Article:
ISLAMABAD - Pakistan's government has announced it will try detained leaders and activists of a radical Islamic party on "treason and terrorism" charges for instigating action against the state and for damaging public property.
The allegations stem from November's nationwide street protests against the Supreme Court's acquittal of a Christian woman who had been on death row for blasphemy. The violent demonstrations were organized by the leaders of Tehreek-i-Labbaik Pakistan (TLP), a political party that began as a religious group.
Information Minister Fawad Chaudhry told a news conference Saturday that 3,000 TLP members have been taken into "protective custody," including Khadim Hussain Rizvi, the chief and founder of the party.
Chaudhry said the arrests mostly took place in Punjab province, which is the power base of the Islamist party.
"The government has now decided to further the legal action against all leaders of TLP. Therefore, Khadim Hussain Rizvi, who is the Ameer (chief) of Tehreek-e-Labbaik, has been charged for sedition and terrorism in Lahore (capital of Punjab)," the minister said.
Chaudhry added that Rizvi's deputies have also been charged with treason and terrorism.
However, he explained that TLP activists and followers who were not directly involved in violent actions during the rallies would be set free after pledging not to engage in such "illegal and unconstitutional" political activities in the future.
TLP leaders and activists, if found guilty, could face life imprisonment, the minister said.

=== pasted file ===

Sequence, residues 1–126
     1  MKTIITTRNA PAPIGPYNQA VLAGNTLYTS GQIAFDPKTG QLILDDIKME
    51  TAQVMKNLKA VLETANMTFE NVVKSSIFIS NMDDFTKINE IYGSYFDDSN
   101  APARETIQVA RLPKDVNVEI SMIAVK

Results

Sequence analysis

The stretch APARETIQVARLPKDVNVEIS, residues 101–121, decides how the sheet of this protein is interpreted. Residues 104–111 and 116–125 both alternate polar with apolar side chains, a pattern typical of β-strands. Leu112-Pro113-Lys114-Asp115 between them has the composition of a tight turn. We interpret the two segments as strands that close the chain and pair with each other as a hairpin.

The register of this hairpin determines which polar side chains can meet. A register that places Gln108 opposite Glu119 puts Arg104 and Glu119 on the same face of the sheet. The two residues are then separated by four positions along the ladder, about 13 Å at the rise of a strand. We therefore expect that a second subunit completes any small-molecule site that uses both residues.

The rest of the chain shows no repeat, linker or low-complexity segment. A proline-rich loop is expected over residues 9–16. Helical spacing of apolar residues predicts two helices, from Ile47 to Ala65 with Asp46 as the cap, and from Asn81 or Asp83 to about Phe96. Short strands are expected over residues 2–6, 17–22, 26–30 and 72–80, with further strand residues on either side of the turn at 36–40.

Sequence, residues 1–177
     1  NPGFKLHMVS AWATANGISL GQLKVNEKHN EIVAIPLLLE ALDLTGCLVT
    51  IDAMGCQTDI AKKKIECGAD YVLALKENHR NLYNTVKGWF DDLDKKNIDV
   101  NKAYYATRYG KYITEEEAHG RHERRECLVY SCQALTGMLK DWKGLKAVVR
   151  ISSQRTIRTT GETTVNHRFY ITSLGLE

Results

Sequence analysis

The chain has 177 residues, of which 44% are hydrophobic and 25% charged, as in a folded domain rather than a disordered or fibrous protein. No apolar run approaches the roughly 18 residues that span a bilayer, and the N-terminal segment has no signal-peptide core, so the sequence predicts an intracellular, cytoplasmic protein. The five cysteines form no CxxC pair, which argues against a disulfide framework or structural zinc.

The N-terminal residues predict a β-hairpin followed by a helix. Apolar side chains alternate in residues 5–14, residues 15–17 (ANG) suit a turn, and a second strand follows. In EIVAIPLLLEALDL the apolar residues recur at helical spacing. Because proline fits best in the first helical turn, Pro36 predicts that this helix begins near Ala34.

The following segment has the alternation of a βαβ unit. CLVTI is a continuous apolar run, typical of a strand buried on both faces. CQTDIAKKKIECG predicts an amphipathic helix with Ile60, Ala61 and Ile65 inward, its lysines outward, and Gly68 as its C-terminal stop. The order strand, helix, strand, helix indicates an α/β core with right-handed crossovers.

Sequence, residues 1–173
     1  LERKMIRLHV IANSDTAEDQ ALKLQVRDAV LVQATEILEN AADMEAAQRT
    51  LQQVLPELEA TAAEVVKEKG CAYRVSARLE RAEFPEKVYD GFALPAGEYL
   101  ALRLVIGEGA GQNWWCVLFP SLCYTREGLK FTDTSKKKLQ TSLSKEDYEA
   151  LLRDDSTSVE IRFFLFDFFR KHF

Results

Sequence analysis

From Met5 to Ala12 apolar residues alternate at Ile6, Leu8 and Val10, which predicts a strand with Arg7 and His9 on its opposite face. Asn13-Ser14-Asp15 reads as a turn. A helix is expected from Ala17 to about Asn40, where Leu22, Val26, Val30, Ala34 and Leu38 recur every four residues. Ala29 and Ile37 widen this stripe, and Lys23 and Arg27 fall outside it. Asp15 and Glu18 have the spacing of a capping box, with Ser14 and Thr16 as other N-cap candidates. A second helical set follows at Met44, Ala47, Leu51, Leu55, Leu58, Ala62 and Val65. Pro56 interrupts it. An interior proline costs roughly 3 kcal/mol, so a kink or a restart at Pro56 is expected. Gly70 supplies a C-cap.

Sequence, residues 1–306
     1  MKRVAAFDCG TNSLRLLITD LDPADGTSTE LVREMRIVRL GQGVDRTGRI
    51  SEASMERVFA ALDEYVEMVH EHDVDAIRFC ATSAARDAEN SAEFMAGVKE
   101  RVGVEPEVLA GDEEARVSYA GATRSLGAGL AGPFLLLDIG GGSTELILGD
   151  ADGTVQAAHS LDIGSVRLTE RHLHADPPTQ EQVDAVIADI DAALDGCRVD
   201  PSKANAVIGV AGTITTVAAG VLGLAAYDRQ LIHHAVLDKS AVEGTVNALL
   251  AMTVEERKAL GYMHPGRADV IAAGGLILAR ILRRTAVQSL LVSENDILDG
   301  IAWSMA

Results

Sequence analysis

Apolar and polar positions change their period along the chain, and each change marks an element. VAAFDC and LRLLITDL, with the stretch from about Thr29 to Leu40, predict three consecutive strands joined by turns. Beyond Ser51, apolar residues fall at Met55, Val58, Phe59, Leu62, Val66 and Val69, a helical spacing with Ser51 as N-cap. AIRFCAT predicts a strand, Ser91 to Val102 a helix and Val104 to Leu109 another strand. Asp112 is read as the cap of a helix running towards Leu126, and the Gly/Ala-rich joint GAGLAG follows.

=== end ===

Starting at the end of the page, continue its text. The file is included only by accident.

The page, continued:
Rizvi had led three days of crippling countrywide protests in late November to denounce the top Pakistani court for acquitting Asia Bibi, a member of the minority Christian community who had spent eight years on death row for allegedly insulting Islam's Prophet Muhammad. The protesters blocked key roads in major cities, including the national capital, and attacked people and burned cars.
In speeches during the protests, TLP chief Rizvi and other leaders had threatened the Supreme Court judges who freed Bibi and urged the judges' cooks and servants to kill them. They also condemned Prime Minister Imran Khan and the Pakistani army chief for siding with the court and the Christian woman.
Bibi and her family have been in hiding since her release. Her lawyer fled Pakistan shortly after the landmark court ruling announced on October 31, saying his life was in danger.
Pakistani officials insist Bibi is in a safe place in the country and dismiss reports the woman has fled Pakistan. Rizvi's party has petitioned the Supreme Court to review its decision.
Some Western countries have offered Bibi and her family asylum. Pakistan's government maintains that once the judicial process is concluded Bibi can go to any country like any other free Pakistani citizen.
Blasphemy is an extremely sensitive issue in Pakistan where mere allegations have led to mob lynchings. The governor of Punjab, Salman Taseer, was assassinated in early 2011 by one of his official guards in Islamabad just weeks after he appealed for the pardon of Bibi and called for reforming the blasphemy law.
Several months later, a Christian federal minister, Shahbaz Bhati, was shot and killed near his residence in the capital for demanding reforms to prevent misuse of the law that gives the death penalty to those found guilty of insulting Islam or its prophet.
TLP staunchly supports implementation of the law and has used the issue as a platform to add followers, contest elections and launch widespread, often violent, protests in the country.
Since its emergence in 2017, TLP has arranged numerous protests, some of which have turned violent and paralyzed major cities across the country for weeks.
The religious group was created in 2017 and is registered with Pakistan's Election Commission. The party was able to secure about 2 million votes in the July general elections. TLP was inspired by Taseer's assassin, Mumtaz Qadri, who was later sentenced to death and executed in 2017. Qadri had been seen as a hero by TLP leaders and members.
VOA's Extremism Watch Desk contributed to this report